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Five Tips for Successful Stacking in a Salt (or Soda or Wood) Kiln
Posted By Michael Kline On September 23, 2009 @ 7:51 am In Daily,Features,Salt Firing | 2 Comments
Long a process of industry, salt firing has also been embraced by ceramic artists and potters because of the beautiful and unpredictable results that can come from a salt-fired kiln. In this process, salt (sodium chloride) is introduced into the kiln firebox or burner ports at high temperature. The salt vaporizes and is carried on the flame to the ware.Then the sodium vapor combines with the silica in the clay surface and forms an extremely hard sodium-silicate glaze. As with any vapor firing process, pots need to be stacked in the kiln with wadding so that the salt glaze doesn’t adhere them to each other or the kiln shelf. Potters come up with all kinds of ways to make the wadding process as smooth and streamlined as possible (see Way Easy Wadding in the Ceramic Arts Daily Archives for another great wadding idea).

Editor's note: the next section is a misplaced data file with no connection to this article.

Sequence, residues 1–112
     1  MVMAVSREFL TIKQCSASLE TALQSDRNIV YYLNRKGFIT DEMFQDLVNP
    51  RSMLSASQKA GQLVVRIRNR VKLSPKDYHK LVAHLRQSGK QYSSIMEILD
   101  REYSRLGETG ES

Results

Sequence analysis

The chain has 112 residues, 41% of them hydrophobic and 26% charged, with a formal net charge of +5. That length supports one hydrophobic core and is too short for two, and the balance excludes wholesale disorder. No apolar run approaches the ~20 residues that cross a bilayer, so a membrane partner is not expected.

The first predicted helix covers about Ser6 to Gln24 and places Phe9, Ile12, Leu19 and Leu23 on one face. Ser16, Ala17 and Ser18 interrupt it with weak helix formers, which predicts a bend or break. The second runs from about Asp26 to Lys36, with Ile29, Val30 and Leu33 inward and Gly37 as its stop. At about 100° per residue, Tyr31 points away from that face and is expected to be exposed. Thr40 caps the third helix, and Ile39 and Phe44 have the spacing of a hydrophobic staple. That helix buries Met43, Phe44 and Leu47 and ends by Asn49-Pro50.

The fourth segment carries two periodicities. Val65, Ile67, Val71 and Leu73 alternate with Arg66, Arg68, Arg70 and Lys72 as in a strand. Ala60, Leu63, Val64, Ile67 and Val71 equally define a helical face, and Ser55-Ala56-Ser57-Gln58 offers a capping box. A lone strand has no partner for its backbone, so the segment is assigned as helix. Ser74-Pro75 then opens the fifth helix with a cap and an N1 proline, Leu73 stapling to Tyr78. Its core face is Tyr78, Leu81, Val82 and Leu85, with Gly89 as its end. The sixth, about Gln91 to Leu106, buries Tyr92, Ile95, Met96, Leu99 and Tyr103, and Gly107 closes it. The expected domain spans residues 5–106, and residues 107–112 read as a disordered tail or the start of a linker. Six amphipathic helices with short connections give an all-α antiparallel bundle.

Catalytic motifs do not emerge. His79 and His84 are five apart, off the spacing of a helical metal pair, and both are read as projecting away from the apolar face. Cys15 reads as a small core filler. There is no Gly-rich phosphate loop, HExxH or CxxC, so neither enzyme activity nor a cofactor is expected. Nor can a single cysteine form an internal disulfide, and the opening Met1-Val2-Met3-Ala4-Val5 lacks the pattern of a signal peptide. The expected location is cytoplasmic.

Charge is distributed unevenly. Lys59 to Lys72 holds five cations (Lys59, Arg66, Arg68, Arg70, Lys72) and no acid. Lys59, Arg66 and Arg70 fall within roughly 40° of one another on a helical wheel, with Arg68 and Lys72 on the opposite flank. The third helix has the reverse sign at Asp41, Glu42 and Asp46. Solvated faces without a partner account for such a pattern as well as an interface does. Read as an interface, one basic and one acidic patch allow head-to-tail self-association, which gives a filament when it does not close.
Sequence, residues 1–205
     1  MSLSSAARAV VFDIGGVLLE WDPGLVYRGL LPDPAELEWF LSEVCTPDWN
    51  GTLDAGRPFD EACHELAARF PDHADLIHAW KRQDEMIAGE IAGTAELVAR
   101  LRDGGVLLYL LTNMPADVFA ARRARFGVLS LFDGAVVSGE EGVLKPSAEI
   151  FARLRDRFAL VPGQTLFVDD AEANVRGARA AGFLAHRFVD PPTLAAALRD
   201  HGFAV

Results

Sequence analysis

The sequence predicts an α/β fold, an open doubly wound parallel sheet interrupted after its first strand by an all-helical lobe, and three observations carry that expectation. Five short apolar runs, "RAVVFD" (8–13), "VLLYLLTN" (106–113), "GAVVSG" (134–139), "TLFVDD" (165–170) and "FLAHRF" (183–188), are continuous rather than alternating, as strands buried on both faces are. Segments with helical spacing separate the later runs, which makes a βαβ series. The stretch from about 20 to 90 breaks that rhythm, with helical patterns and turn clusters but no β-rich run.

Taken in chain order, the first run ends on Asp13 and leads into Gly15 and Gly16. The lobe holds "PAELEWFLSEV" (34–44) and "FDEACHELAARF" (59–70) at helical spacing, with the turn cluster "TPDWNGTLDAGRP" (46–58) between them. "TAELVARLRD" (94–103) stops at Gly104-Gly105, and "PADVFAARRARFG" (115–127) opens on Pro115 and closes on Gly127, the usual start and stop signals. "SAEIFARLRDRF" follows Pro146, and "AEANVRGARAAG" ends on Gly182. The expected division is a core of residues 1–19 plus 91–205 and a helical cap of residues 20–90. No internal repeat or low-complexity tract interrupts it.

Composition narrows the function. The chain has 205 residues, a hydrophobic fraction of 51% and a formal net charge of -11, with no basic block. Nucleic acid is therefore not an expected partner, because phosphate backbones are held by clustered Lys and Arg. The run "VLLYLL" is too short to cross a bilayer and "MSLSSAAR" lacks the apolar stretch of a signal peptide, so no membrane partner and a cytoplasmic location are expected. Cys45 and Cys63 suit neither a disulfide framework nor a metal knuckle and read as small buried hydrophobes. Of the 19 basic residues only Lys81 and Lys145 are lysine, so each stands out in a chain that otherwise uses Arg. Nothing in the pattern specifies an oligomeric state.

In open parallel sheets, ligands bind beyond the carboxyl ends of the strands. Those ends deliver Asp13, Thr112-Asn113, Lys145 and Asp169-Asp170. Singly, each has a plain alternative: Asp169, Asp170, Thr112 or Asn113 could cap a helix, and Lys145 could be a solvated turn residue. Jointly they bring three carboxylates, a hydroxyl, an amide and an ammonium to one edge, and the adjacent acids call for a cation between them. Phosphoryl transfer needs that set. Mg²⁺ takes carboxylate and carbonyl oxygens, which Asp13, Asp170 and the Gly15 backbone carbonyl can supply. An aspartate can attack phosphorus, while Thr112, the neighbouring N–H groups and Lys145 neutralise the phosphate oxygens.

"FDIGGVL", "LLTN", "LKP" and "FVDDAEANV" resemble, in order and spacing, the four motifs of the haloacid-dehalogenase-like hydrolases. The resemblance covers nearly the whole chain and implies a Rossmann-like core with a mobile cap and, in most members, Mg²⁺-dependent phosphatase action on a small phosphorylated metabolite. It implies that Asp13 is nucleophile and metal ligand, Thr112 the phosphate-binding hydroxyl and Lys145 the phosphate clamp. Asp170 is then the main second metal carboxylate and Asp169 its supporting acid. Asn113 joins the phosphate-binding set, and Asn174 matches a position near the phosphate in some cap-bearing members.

Today, salt and wood firing potter Michael Kline takes us through his wadding process sharing his tips for successful stacking in the kiln. He also explains how he adds sea shells into the mix for a nice flashing effect. – Jennifer Harnetty, editor.
Here is a series of pictures showing how my plates are wadded and fired. This technique was developed by my buddy Will Baker way back when.
Learn more about salt and soda firing from Gail Nichols, one of the world’s leading experts.
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